Relief for Nepal: Update June 3rd
A Nervous Tension Hangs in the Air
The quaking of the earth stops after a minute or two but the fear in people’s hearts and mental anxiety to find safe and secure living conditions lingers still…
Aftershocks abounding in the aftermath of the recent earthquakes have left many survivors—even the fortunate few living in secure, undamaged houses—with frayed nerves and faint hearts. Every quivering leaf or tree branch, every creaky floorboard or random noise raises the prospect of yet another earthquake, aftershock or the collapse of yet another damaged building. People are poised to run outside the moment there is even the hint of any kind of rumble. But strong winds and rain pose major challenges for people living in tents. And those challenges are likely to worsen as the monsoon season approaches.
Coping with Loss and Hoping for a Brighter Future at the Lydia Training Centre
Most of the 11 students at Lydia Vocational Training Centre who lost their homes in remote villages of Nepal during the earthquake, have visited their villages and returned to Lydia to complete their training. Graduation ceremonies are scheduled for June 14, 2015. Each of the women suffered traumatic losses but are learning to cope and are currently devising their post-graduation survival strategies.
Mrs. Jabita Basyal, Ms. Manju Urkati, and Mrs. Rita Khadga all lost
their homes completely, but their family members were uninjured and are
living in tents.
Ms. Pipalu Damai lost her sister (40-years-old) as well as her house. Mrs. Shushma Parjuli lost five family members (her older brother, 36, her nieces 5,11 and 14 years old, her nephew, 7, and their houses.
Mrs. Kabita Sharki decided to withdraw from the program to take care of her family. None of her relatives was injured, but they are still struggling to find temporary shelter. Mrs. Shusmita Shakya also decided not to return to complete her training for similar reasons.
Ms. Sundari B.K., Ms. Roshani Tamang, Mrs. Prasansha Shrestha, and Ms. Ram Kumari Praja also lost their houses and have no permanent places to live. Their families are currently living in their villages, in tents. They are making plans to move to other villages, in the hope of finding more secure protection from the wind and rains of the coming monsoon season. But floods, landslides and a lack of emergency relief supplies are limiting their options.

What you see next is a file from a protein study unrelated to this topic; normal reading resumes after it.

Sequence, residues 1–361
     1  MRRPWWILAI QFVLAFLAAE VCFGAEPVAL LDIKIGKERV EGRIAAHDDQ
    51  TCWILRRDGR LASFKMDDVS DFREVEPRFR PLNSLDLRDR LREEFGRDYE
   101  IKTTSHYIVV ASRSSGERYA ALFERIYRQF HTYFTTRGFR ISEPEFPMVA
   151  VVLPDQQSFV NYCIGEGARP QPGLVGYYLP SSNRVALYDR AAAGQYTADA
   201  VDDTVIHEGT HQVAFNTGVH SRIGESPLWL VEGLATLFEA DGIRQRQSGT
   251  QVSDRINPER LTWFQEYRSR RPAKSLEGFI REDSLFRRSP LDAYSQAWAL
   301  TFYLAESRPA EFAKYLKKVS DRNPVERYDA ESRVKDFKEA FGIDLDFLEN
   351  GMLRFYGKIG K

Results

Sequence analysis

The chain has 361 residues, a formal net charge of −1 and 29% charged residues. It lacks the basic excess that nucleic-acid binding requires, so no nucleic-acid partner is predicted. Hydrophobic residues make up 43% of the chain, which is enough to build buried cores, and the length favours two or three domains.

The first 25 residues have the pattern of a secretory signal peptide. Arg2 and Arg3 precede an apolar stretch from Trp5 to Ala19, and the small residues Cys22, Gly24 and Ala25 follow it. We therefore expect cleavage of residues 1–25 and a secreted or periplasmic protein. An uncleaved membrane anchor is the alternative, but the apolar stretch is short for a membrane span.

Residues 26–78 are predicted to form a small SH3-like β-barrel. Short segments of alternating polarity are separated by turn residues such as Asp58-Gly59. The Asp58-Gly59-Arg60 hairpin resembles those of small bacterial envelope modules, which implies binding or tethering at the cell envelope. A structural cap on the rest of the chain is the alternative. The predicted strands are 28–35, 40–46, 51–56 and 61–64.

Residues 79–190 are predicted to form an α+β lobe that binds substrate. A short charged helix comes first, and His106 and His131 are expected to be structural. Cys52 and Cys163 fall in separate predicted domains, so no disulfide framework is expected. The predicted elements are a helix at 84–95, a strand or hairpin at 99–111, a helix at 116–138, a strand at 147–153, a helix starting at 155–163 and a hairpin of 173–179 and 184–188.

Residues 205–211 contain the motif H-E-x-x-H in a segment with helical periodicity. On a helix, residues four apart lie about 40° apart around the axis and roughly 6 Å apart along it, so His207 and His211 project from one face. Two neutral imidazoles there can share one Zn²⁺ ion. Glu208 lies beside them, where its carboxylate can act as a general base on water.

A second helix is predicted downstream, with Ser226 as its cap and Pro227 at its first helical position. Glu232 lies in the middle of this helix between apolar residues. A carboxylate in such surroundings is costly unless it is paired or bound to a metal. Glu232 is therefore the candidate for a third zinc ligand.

At graduation each woman receives a sewing machine which, under normal circumstances, many of them use to start their own business and support their families. Now that they have no homes, they are making arrangements to store the machines with relatives or friends or in their churches until they have found a viable recovery strategy. People who still have the land on which their houses were built may be able to erect semi-permanent shelters. However, people who lost their land as well as their houses will likely be waiting indefinitely for government assistance. (At present, the government has decided that people who have not yet received relief assistance from any source and can prove that they were victims of the earthquakes will receive 15,000 Nepalese rupees ($150 US)—hardly enough for relief and definitely inadequate for recovery.
In the aftermath of this disaster, even though the tragedy is gradually disappearing from the newspages, your generous contributions to the Relief, Recovery and Redevelopment efforts are sincerely appreciated.